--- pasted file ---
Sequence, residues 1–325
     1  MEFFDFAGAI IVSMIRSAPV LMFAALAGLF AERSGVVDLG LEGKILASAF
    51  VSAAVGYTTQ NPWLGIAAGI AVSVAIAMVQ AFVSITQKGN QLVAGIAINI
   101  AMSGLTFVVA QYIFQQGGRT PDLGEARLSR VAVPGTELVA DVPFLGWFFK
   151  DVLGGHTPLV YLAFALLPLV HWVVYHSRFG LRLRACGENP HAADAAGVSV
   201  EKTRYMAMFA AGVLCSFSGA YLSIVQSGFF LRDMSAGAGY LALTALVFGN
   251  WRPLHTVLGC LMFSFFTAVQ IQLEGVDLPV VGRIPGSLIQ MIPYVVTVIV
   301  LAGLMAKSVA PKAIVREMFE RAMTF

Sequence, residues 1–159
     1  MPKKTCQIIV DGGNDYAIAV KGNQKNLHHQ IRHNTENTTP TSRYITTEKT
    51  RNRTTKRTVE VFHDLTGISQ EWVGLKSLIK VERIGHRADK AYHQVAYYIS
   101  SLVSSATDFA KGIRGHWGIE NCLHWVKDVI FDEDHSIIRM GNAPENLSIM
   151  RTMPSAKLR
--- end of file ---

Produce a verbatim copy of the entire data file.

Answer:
Sequence, residues 1–325
     1  MEFFDFAGAI IVSMIRSAPV LMFAALAGLF AERSGVVDLG LEGKILASAF
    51  VSAAVGYTTQ NPWLGIAAGI AVSVAIAMVQ AFVSITQKGN QLVAGIAINI
   101  AMSGLTFVVA QYIFQQGGRT PDLGEARLSR VAVPGTELVA DVPFLGWFFK
   151  DVLGGHTPLV YLAFALLPLV HWVVYHSRFG LRLRACGENP HAADAAGVSV
   201  EKTRYMAMFA AGVLCSFSGA YLSIVQSGFF LRDMSAGAGY LALTALVFGN
   251  WRPLHTVLGC LMFSFFTAVQ IQLEGVDLPV VGRIPGSLIQ MIPYVVTVIV
   301  LAGLMAKSVA PKAIVREMFE RAMTF

Sequence, residues 1–159
     1  MPKKTCQIIV DGGNDYAIAV KGNQKNLHHQ IRHNTENTTP TSRYITTEKT
    51  RNRTTKRTVE VFHDLTGISQ EWVGLKSLIK VERIGHRADK AYHQVAYYIS
   101  SLVSSATDFA KGIRGHWGIE NCLHWVKDVI FDEDHSIIRM GNAPENLSIM
   151  RTMPSAKLR